Caltech President Jean-Lou Chameau leaving for Saudi Arabia post


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The president of Caltech, Jean-Lou Chameau, announced Tuesday that he would step down as head of that prestigious Pasadena institution at the end of the school year and become head of a university in Saudi Arabia.

Chameau, a French-born civil engineer, has been president of Caltech since 2006 and previously was provost at Georgia Tech. He succeeded David Baltimore, a Nobel laureate biologist, and helped Caltech achieve greater financial stability despite the recession and a period of retrenchment at many colleges. Chameau also advocated for a stronger role for women in the science and technology fields.


In a statement released Tuesday, Chameau said he would become president of the King Abdullah University of Science and Technology in Saudi Arabia.

His seven-year term at Caltech is considered a normal length in American academia.
During his tenure, the school topped the list of the Britain-based Times (of London) Higher Education World University Rankings in 2011 and 2012. Its work in physics, astronomy, chemistry, medicine and other fields has made it a home of Nobel laureates and a magnet for some of the brightest students in the world. With only about 980 undergraduates and 1,250 graduate students, the admissions process is extremely competitive.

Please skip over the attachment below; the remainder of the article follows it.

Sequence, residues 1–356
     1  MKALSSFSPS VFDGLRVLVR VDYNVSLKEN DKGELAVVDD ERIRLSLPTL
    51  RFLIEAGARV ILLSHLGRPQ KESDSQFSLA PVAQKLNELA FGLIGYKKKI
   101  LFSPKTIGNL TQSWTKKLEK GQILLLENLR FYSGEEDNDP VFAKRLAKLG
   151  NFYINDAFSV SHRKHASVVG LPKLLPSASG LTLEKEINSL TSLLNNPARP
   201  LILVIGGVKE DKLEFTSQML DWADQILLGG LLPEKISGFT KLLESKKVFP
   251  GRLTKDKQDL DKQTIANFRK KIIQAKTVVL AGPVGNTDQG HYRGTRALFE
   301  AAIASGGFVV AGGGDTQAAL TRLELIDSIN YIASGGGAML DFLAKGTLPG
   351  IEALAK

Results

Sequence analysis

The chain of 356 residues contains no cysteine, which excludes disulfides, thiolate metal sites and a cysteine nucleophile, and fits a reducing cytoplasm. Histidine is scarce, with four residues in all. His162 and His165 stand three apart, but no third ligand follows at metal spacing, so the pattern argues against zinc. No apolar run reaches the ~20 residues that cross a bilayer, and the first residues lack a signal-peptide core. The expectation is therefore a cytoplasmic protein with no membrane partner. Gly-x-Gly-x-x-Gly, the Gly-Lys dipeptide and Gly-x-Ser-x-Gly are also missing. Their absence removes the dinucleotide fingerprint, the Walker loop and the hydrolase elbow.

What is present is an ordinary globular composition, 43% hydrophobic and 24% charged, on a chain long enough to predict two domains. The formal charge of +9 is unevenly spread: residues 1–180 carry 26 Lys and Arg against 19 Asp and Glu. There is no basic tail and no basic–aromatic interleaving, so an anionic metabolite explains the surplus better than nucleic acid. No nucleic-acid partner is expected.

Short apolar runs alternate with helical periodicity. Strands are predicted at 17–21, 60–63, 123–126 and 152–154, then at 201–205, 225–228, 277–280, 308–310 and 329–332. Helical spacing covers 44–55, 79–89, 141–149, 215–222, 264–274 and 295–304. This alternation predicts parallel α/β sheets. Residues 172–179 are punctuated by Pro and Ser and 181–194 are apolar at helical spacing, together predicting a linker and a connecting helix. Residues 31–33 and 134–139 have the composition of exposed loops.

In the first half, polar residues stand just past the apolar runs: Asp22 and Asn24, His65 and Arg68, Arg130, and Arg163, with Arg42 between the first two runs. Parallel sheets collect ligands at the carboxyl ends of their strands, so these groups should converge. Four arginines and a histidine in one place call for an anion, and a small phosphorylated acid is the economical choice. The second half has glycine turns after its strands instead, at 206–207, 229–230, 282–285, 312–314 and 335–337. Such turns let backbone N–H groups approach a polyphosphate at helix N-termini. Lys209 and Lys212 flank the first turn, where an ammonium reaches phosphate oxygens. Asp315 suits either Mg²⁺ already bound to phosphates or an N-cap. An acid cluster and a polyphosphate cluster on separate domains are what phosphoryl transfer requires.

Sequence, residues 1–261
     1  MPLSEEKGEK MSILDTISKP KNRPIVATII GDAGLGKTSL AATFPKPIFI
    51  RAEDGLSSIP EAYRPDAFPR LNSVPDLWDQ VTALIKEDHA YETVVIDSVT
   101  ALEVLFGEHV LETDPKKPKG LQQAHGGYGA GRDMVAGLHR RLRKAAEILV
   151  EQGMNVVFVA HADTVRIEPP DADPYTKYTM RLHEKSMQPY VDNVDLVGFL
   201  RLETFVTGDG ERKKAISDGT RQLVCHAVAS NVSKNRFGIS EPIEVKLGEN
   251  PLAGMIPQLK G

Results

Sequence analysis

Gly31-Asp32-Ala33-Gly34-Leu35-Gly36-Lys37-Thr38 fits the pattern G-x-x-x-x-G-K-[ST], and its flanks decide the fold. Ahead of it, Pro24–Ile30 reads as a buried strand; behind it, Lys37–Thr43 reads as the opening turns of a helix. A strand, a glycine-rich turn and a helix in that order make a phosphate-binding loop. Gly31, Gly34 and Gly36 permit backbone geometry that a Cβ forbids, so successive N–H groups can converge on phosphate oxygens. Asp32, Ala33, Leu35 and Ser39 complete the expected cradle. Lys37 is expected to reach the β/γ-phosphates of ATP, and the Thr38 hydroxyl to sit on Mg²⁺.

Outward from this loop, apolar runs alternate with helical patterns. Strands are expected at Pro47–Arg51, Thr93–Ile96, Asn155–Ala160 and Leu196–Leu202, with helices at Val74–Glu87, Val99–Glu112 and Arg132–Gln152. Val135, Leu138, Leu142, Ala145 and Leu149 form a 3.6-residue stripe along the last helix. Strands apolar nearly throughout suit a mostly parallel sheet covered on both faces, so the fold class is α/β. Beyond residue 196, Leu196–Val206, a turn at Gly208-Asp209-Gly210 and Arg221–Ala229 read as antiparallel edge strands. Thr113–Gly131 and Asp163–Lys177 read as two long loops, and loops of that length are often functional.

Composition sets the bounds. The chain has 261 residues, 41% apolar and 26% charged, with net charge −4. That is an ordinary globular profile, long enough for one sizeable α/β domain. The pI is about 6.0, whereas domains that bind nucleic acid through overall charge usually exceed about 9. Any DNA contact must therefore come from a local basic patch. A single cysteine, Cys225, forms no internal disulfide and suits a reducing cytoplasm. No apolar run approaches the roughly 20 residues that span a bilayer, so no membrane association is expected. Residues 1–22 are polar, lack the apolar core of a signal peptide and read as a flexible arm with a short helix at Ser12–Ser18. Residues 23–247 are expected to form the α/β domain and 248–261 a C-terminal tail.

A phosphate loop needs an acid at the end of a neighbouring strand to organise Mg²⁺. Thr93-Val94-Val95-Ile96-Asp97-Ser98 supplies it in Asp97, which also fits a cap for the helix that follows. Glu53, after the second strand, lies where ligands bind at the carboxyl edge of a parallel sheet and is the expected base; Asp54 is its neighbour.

In looking back over his Caltech time, Chameau said: “The most important accomplishments, to me, are the achievements of our faculty and students. ... They join talented colleagues who share their commitment to excellence and desire to have a disproportionate impact on science and society. The discoveries, recognition, and impact of the Caltech faculty in a typical year are the envy of our peers.’

Chameau said the Saudi university known as KAUST “is positioned to have a dramatic impact on the kingdom of Saudi Arabia, the Middle East and the world. For that reason, it is more than a university. It is an undertaking of historic importance.”

Caltech is in stronger position than it was a few years ago and Chameau was vital to that, according to David Lee, chair of the school’s board of trustees. “President Chameau has served Caltech with excellence and distinction, stimulating innovation and expanding resources for high-risk, high-reward research,” said Lee, who added that a search for a replacement would be launched soon.



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